Tyndale House Publishers, Inc.
In her memoir, While the World Watched, Carolyn McKinstry writes about the struggles, fears, and hopes she experienced while coming of age during the Civil Rights movement. McKinstry, who spent her childhood in Alabama, was one of the survivors of the Sixteenth Street Baptist Church bombing in Birmingham in 1963. Recounting the happenings before and after the bombing, she traces the events of the Civil Rights movement and the widespread effects of racism, following her journey from fear and hate to hope and forgiveness.
Carolyn McKinstry was only fourteen years old when a bomb planted by the Ku Klux Klan took the lives of her four best friends and left her with a drastically altered view of humanity. The explosion, which she missed by mere seconds, made the horror of racism a reality in her mind and planted a longing in her heart for things to be righted. Her story is one of loss and sorrow, but it is also one of recovery and forgiveness, dotted with hopeful childhood memories and moments of bravery in the face of prejudice and segregation. It also follows her adulthood struggles with depression and hate brought on by the Birmingham bombing, and the hurdles she had to face many years later. In the process of overcoming her difficulties, Carolyn holds to Matthew 22:39, learning what it means to “love your neighbor as yourself,” and in forgiving those around her, she finds healing.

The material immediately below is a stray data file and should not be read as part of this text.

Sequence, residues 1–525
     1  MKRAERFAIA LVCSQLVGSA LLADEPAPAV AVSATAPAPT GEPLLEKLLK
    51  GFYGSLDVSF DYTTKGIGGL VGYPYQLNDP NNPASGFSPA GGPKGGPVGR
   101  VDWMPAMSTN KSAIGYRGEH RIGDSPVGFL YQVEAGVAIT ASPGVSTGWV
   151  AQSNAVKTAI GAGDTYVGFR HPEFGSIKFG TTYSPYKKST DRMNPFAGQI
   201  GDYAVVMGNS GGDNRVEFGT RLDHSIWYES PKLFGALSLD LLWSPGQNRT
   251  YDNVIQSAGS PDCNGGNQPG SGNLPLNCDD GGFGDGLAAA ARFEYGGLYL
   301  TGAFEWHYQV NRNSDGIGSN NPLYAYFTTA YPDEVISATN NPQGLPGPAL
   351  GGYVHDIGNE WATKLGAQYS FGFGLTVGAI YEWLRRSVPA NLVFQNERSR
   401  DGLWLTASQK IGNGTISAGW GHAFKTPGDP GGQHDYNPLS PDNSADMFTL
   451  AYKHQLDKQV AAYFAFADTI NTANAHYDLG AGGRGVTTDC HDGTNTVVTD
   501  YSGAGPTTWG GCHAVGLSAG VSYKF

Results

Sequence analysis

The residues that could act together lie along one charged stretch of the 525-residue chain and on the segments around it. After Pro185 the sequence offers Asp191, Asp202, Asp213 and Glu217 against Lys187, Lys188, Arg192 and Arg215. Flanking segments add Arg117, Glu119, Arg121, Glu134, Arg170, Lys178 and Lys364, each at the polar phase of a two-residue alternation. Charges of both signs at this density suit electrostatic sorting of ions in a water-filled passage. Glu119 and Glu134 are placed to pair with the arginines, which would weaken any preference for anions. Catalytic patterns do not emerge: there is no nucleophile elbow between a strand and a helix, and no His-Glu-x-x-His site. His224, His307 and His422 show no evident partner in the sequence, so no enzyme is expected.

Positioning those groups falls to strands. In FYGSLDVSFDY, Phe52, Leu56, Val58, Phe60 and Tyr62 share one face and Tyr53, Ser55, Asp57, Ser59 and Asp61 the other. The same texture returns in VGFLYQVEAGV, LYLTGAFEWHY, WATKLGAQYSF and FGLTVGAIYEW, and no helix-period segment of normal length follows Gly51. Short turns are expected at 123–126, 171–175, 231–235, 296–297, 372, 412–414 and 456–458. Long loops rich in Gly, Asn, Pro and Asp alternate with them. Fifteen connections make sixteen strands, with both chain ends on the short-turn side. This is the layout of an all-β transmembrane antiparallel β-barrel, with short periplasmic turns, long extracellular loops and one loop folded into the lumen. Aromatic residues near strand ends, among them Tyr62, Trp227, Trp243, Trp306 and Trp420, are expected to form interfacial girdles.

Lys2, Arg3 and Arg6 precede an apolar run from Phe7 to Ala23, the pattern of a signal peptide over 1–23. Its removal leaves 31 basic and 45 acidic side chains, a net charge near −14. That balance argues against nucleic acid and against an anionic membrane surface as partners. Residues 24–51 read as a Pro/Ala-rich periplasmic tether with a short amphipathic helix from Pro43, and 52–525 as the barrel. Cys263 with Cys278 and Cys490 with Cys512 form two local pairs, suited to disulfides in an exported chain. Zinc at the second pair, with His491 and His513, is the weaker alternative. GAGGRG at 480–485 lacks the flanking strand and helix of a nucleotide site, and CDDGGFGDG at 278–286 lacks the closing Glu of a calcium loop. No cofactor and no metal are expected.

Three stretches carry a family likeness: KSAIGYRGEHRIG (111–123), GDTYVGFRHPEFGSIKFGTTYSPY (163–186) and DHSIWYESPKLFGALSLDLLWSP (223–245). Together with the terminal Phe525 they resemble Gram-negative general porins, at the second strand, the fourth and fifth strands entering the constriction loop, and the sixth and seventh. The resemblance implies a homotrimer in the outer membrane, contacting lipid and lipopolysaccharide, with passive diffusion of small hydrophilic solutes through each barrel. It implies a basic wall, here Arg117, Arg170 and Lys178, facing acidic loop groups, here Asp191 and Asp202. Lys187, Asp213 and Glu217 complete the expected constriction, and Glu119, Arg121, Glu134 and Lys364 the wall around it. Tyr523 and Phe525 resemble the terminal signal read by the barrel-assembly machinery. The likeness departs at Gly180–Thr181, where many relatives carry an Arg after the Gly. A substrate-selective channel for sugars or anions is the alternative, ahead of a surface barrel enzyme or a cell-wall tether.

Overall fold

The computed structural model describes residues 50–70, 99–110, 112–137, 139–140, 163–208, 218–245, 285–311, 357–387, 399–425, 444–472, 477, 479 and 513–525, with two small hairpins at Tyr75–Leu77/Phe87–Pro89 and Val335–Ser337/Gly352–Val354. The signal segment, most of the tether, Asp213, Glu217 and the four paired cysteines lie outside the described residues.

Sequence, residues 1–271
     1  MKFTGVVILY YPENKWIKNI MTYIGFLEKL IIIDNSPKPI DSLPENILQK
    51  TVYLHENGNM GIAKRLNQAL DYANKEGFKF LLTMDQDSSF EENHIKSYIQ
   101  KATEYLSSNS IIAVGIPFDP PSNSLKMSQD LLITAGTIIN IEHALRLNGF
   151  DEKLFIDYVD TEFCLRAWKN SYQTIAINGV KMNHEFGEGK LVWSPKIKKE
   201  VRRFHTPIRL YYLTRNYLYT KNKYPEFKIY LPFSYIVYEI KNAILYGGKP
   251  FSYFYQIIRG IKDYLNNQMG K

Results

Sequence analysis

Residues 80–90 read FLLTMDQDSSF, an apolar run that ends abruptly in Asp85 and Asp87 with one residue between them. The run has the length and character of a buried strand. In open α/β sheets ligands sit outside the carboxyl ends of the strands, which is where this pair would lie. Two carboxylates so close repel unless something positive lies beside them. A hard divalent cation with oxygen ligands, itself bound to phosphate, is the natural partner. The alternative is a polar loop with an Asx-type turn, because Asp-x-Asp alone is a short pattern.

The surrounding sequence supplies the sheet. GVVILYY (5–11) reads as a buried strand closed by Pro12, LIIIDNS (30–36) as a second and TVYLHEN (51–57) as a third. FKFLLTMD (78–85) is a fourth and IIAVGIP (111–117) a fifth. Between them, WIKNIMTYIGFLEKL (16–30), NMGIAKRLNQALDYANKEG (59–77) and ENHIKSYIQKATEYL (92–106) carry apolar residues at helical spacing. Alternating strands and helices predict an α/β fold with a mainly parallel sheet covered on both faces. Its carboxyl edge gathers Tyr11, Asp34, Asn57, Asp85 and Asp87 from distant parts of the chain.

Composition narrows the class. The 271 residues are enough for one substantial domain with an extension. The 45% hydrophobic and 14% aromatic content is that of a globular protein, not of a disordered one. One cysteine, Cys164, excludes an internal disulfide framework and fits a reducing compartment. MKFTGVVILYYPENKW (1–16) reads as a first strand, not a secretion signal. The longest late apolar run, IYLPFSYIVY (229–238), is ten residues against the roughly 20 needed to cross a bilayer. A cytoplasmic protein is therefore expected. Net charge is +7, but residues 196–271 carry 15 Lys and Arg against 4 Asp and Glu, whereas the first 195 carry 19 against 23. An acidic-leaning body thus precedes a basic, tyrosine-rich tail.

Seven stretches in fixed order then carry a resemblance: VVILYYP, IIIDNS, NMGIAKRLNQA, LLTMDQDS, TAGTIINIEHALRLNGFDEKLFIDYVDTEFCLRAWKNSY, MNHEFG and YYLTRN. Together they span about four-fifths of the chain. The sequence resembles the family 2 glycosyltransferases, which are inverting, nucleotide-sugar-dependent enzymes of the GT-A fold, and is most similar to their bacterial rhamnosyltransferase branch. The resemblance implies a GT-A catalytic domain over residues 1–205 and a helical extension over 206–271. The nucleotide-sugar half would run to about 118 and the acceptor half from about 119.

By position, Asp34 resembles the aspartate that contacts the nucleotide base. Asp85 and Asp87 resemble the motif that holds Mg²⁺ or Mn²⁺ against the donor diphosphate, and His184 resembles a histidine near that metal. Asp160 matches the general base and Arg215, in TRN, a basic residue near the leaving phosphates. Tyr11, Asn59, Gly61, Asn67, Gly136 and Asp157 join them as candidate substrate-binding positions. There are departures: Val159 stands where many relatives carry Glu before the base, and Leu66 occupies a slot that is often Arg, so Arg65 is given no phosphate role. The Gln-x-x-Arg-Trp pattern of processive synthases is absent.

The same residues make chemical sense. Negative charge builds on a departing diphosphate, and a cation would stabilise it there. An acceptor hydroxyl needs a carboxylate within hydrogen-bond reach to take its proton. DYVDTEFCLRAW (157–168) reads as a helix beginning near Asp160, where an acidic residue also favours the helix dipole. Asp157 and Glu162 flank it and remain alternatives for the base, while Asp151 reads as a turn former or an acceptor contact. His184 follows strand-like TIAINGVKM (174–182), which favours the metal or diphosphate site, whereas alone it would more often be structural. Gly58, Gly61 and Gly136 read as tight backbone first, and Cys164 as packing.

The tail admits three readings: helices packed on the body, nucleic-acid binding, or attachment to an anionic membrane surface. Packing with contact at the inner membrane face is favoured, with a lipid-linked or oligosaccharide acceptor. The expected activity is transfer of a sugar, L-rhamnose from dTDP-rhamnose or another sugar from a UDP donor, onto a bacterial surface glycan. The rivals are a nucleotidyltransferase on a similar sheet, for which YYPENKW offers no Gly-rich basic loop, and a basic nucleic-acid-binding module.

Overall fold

While the World Watched is an eye-opening book that captures the essence of life in the South during the turmoil of the 1960s. Although sometimes tragic, McKinstry’s story offers a message of hope and love despite oppression and hate. The book is an excellent reminder of the wounds racism creates and the great bravery and forgiveness it takes to heal them. – Chelsea Molin, www.ChristianBookPreviews.com
On September 15, 1963, a Klan-planted bomb went off in the 16th Street Baptist Church in Birmingham, Alabama. Fourteen-year-old Carolyn Maull was just a few feet away when the bomb exploded, killing four of her friends in the girl’s rest room she had just exited. It was one of the seminal moments in the Civil Rights movement, a sad day in American history . . . and the turning point in a young girl’s life.
While the World Watched is a poignant and gripping eyewitness account of life in the Jim Crow South—from the bombings, riots and assassinations to the historic marches and triumphs that characterized the Civil Rights movement.
A uniquely moving exploration of how racial relations have evolved over the past 5 decades, While the World Watched is an incredible testament to how far we’ve come and how far we have yet to go.